May brought us flowers and pilgrims, and a fading of the so-called Shanghai Accord. We draw nearer to the June Fed meeting, and one day there's talk of a rate hike, and the next day the talk is squashed by an economic report, like the April Jobs report. So, I'll go through my thoughts on the prospects of a rate hike, review what the currencies and metals are doing, and offer a quick look at the old adage: "Sell in May and go away."
DOLLAR WEAKNESS FADES
Last month I talked about how at the Shanghai G20 meeting there appeared to be an agreement between the countries of the U.S., China, Japan and the Eurozone to halt the strength of the dollar, and allow the currencies from China, Japan and the Eurozone some relief, which would settle down the global markets. It was labeled the Shanghai Accord by James Rickards, but was categorically denied by the countries.
But the fact remains that after the G20 meeting in Shanghai, the dollar had its worst month in five years. And I was driven to think that I was correct in believing the strong dollar trend was over. I still believe that the end of the dollar's strong trend is at hand, but as I've said before, we could very well see periods of dollar strength return, as if trying to stage one big rally before it burns out.
As we went into May though, the dollar began to fight back, and had much better days in May than it had in April. So, is the so-called Shanghai Accord fading? It appears that way to me. In April, the Bank of Japan (BOJ) Gov. Kuroda and Prime Minister Abe were not heard from. This was strange, given that they had worked so diligently on getting the yen weaker. But once May came along, the two Japanese officials were back to jawboning the markets in an attempt to get them to back off making the yen stronger. And it worked. The yen, which had rallied from a low of 113 in March, went to 106 in April, and now back to 109 in May.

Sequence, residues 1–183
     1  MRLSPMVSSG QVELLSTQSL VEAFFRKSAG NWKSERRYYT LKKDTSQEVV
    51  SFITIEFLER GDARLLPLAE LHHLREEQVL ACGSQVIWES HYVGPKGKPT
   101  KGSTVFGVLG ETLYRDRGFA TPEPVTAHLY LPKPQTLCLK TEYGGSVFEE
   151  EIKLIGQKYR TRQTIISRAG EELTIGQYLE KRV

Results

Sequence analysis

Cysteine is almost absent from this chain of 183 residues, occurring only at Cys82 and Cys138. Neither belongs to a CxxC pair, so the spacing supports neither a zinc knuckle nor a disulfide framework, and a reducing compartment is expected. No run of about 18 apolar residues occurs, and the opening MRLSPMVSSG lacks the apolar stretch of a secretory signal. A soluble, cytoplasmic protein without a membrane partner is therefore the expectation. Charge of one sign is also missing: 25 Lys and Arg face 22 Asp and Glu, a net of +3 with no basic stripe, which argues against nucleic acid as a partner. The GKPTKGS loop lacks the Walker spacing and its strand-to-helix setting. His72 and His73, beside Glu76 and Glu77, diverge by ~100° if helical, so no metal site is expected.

The euro, which touched 1.15 in April, has experienced a tough row to hoe since April, and is barely holding on to 1.13 as I write. And the Chinese renminbi, which saw appreciation in the fixing night after night in April, has reverted back to nightly depreciations in May.
So, it could have been a coincidence, but it sure quacks like an Agreement, walks like Agreement, and talks like an Agreement was put in place at the end of March, even though the respective countries allegedly involved deny their participation. And now that Agreement is showing it doesn't have legs to run a long distance, unlike the Plaza Accord, which was signed in 1985 to weaken the dollar and lasted nearly a decade.
UP NEXT: A FOMC MEETING
June will be busting out all over, and the Fed will be assembling their FOMC (Federal Open Market Committee), the people who vote on rate moves, for the June 14-15 meeting. Remember last December when Fed Chair, Janet Yellen, hiked rates for the first time in a decade, and told us that the Fed would be hiking rates four times in 2016? I said at the time their projection on rate hikes was malarkey, and gave you the reasons why. It was thought in December that March, June, July and December would be the months that saw rate hikes at the meetings held in those months.
So, here's the scenario: The Bond markets, and the Fed Funds Futures markets don't believe the Fed will hike rates in June. And they didn't hike in March. That will leave them just four more meetings in 2016 in which to play catchup with rate hikes. But will they really hike rates so close to an election? I don't think so. It would be viewed as "too political."
So, it's "party on Wayne, party on Garth" for the stock and the bond markets. (Gold sure likes low rates too!) Speaking of the stock market, I have a simple thought as I write in May. I borrowed this from my friend, Steve Sjuggerud, when asked about the old adage, "Sell in May and go away." Here's Steve: "According to the Stock Trader's Almanac, since 1950, the Dow has had an average return of 0.3% from May through October. Then from November through April, the average gain has been 7.5%. In fact, last year the adage held true as the S&P had a 7.4% decline from May to October."
So, there could be some give and take there this year, don't you think? And Bonds continue their 35-year bull market as long as the Fed keeps the lid on their rate hike jar. The Bond markets are telling us that the U.S. economic growth is nascent at best, and not worthy of additional rate hikes at this time. And I concur.
As evidenced by the April Jobs report, which saw 160,000 jobs created, per the BLS, when 205,000 were expected to be created. I pointed out in the world famous Daily Pfennig® newsletter (shameless plug), that 233,000 jobs were added by the BLS to the surveys as a part of their "adjustment," and that without the "adjustments" jobs creation would have been negative in April. Wait, what? Yes, that's right.